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    1. Thank you so very much for sharing your story. It is incredible. I was really touched by your thoughts and your testimony. The more I learn about the women in the scriptures the more I find that the problems and challenges they faced and not very different from the ones we face today. It really brings a feeling of kinship and such power knowing that Christ is the same yesterday, today and forever and that his love for all women stays the same. Thank you so much!

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  3. Love your blog!thanks for another excellent post. I love this story.
    Jesus could so very easily have let her slip away again discreetly into the crowd. So much of his healing was done without drawing attention to the miracle that had taken place. This time he drew attention to her and let her and the whole crowd know that she was indeed healed. Some in the crowd may have known her and known her unclean status - to them as well as her Jesus pronounced her healed both physically (and as such - socially) and spiritually. The hem of the garment was probably the tzitzit - the fringes/tassle on Jesus' robe. He fulfilled the prophecy in Malachi that he would rise with healing in his wings (more correctly translated as the edge feathers on a birds wing - like a hem or the tzitzit)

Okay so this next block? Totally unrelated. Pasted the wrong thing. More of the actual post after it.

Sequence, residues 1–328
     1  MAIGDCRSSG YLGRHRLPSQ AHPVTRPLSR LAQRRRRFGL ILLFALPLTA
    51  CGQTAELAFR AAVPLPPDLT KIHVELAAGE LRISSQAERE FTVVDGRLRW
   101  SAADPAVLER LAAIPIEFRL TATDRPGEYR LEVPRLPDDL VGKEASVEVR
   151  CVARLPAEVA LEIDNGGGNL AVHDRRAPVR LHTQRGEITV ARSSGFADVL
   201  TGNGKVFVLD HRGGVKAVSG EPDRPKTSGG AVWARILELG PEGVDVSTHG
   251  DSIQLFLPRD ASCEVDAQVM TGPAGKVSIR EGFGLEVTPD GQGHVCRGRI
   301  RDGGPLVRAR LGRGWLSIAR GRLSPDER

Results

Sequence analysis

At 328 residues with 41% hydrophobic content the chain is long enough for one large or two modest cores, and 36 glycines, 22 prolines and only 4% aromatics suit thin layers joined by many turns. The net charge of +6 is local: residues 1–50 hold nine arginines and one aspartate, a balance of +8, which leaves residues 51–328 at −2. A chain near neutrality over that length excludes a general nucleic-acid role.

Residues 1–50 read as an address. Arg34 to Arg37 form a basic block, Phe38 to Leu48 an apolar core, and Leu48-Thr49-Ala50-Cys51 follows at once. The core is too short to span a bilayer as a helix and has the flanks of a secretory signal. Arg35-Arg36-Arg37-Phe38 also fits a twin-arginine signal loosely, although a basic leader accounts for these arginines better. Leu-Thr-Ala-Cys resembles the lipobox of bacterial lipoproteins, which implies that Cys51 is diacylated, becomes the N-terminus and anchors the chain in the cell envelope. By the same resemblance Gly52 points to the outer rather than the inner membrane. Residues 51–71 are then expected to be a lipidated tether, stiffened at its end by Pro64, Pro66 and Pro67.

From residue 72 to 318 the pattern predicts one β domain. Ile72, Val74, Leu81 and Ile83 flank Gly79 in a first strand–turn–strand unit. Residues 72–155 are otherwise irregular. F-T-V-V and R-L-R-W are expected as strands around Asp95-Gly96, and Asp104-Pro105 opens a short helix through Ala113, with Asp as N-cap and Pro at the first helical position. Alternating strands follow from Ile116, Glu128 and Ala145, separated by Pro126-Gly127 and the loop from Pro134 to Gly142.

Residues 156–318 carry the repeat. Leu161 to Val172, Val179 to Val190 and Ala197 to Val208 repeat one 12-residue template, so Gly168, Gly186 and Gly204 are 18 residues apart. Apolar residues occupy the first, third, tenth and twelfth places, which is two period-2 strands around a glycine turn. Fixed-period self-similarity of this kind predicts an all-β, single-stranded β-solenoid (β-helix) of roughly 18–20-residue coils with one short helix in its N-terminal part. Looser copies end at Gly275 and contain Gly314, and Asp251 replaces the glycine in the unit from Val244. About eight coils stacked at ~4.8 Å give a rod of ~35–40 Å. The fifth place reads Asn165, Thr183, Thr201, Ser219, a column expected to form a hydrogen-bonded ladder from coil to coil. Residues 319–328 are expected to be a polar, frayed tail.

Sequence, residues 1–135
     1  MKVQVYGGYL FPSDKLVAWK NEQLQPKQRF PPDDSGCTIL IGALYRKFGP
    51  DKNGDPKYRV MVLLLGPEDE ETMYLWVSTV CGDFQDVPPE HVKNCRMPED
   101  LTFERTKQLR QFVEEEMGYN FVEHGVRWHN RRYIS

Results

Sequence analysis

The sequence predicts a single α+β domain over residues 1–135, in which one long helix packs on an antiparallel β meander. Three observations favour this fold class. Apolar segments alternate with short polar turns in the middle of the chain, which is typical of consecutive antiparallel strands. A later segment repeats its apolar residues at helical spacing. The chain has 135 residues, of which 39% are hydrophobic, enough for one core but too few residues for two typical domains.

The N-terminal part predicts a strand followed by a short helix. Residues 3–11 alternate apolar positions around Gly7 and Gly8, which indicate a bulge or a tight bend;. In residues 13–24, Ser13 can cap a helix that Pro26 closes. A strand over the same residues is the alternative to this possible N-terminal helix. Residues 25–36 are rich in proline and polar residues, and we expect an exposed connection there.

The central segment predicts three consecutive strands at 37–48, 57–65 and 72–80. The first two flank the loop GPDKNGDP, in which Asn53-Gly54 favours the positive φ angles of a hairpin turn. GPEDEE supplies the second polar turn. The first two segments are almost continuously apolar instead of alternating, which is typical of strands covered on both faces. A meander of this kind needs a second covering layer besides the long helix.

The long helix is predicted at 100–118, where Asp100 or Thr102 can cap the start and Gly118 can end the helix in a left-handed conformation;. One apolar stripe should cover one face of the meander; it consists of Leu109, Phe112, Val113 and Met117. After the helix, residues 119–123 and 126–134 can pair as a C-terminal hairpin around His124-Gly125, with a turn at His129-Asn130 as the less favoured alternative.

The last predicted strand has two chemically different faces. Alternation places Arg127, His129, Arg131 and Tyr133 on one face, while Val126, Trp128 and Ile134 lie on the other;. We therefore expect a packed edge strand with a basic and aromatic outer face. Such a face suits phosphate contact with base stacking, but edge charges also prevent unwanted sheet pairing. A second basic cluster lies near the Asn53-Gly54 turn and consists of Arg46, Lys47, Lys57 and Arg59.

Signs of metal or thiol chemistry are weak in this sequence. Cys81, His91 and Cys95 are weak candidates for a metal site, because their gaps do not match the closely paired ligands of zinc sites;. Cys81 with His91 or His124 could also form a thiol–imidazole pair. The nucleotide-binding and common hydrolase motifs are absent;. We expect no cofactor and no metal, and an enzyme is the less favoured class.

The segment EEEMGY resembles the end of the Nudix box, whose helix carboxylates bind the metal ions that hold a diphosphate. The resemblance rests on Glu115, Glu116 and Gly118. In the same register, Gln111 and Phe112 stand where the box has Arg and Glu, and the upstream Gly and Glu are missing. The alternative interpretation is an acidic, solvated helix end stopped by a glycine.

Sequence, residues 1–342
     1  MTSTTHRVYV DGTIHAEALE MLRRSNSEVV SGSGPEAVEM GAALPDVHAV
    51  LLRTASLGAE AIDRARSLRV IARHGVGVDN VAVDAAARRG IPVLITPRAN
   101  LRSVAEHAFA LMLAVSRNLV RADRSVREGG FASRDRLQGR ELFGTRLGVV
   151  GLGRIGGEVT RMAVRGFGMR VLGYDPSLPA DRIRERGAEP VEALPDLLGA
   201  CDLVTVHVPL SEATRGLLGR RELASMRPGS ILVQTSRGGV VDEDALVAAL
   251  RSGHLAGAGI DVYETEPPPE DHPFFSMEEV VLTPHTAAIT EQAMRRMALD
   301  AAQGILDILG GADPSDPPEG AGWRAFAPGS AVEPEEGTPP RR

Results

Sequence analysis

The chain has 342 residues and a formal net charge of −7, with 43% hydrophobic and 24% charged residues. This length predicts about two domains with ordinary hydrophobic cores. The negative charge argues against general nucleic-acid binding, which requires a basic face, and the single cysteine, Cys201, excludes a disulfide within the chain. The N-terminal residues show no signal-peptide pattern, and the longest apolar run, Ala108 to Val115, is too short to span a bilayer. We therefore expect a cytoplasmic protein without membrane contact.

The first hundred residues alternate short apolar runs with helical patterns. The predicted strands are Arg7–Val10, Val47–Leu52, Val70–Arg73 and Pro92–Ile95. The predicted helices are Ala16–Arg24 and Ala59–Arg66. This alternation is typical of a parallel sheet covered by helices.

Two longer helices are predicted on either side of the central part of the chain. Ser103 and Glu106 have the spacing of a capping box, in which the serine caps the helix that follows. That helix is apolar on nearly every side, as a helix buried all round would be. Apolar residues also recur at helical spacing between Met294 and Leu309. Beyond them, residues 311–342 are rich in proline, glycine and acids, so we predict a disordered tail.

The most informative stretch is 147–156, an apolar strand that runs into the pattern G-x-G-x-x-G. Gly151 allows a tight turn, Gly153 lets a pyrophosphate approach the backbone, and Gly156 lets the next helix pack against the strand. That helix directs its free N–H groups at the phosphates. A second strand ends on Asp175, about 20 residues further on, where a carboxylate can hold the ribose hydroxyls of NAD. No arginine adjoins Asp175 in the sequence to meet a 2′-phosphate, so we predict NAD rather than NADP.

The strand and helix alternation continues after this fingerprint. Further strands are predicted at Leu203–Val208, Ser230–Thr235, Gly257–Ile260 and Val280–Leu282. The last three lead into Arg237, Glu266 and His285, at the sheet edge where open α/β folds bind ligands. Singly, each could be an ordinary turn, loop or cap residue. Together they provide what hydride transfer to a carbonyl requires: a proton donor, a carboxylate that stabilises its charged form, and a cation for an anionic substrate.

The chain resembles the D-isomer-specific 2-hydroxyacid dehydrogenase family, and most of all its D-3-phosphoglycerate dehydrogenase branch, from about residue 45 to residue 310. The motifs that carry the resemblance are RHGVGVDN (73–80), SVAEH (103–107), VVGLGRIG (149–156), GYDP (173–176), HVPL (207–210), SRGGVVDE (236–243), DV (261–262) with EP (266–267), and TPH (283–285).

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    1. Oh, I love the insights about the tzitzit, I hadn't thought of that. And how incredible that this woman fulfilled a prophecy! Awesome

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  4. Thank you so much for this essay. I have loved this story for many years, but without knowing the historical details to make it come alive.

    One aspect of it I find very interesting is the use of the word "virtue." The word virtue in the Young Women Theme has often been used as a synonym of chastity, but there is more to its definition than that. I doubt that the Saviour's *chastity* went out of him when the woman touched the hem of his robe... other definitions of virtue include moral excellence; goodness; righteousness. "Taken in its widest sense virtue means the excellence of perfection of a thing" (from http://www.newadvent.org/cathen/15472a.htm).